AUTM Newsbrief
May. 9, 2013

The Promise of University IP Commercialization
Venture Atlanta
American universities have long been recognized as research power houses across a wide variety of fields. But of late, these institutions of higher learning are increasingly on the forefront of bringing new technologies to market, spawning startups and indirectly creating jobs. Georgia universities are no exception.More

Patent Quality Improvement Act Hits Congress
New legislation introduced to Congress aims to change the patent review process to curb the influx of new patent-related lawsuits. The new legislation, called the Patent Quality Improvement Act, would also change language for what types of businesses are covered under current America Invents Act, something Schumer says would better include technology start-ups.More

Charging Electric Vehicles Cheaper and Faster
Chalmers University of Technology via Science Daily
Researchers at Chalmers University of Technology have developed a unique integrated motor drive and battery charger for electric vehicles. Compared to today's electric vehicle chargers, they have managed to shorten the charging time from eight to two hours.More

University Partners With Sony to Find Cure for 'Lazy Eye'
University of Nottingham via Medical Xpress
The University of Nottingham and Nottingham University Hospitals NHS Trust, have been working with Sony Computer Entertainment Europe to develop special 3-D glasses and games to help treat children suffering from lazy eye. Software engineers from SCEE are now supporting scientists and medics at the University and the QMC involved in I-BiT in their quest to further develop games as a novel and effective method for treating lazy eye.More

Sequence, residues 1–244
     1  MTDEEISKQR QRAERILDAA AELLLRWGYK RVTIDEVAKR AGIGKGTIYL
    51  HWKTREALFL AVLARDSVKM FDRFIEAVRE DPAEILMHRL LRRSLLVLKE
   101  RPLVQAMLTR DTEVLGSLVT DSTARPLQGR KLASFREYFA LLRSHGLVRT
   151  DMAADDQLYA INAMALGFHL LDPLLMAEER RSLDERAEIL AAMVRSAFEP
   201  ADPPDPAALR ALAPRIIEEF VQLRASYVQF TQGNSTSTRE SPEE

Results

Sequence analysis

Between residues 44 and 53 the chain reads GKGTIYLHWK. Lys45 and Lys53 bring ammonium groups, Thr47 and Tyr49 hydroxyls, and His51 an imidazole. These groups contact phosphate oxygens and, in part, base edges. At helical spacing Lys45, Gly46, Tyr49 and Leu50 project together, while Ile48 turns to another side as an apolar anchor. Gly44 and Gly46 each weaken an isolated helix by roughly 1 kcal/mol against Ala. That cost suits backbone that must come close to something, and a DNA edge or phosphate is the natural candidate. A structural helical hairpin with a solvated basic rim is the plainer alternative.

Florida Universities Play Matchmaker for Tech Startups
Bradenton Herald
Some of the newest technology innovations are being created at Florida universities, and they are ready for businesses to latch onto and commercialize. Gatorade, which was developed at the University of Florida, is one of the most famous university inventions, but the process of matching university inventors with businesses has changed quite a bit since Dr. Robert Cade and the university battled over patents and royalties in the 1960s.More

NASA Giving $9.8 Million to SMBs for Trip to Mars
FOX Business
U.S. small businesses may be headed to Mars — literally. NASA announced the 14 winning proposals from U.S. small businesses and teams at research institutions for contracts totaling $9.8 million. The U.S. space agency says the funding will allow the small business recipients to continue working on innovative, high-tech projects needed for future space missions. The program is called Small Business Technology Transfer — named for the way small businesses facilitate the transfer of ideas from research institutions and universities and turn them into viable technologies.More

3 Brilliant Health Technologies from Student Inventors
Having a good idea isn't enough to make a difference in the world. You also have to be able to sell that idea to everyone else. The four finalists for the Challenge's Technology Venture Competition presented their pitches: a bio-inspired catheter, a diabetes management app, a device that can diagnose head trauma by tracking users' eye movements and an app to help researchers organize their data. They had to prove that their projects were more than useful — they had to be profitable, too.More

New Device Can Extract Human DNA With Full Genetic Data in Minutes
University of Washington engineers and NanoFacture have created a device that can extract human DNA from fluid samples in a simpler, more efficient and environmentally friendly way than conventional methods. The device will give hospitals and research labs a much easier way to separate DNA from human fluid samples, which will help with genome sequencing, disease diagnosis and forensic investigations.More

Columbia University's Low-cost Robotic Arm is Controlled by Facial Muscles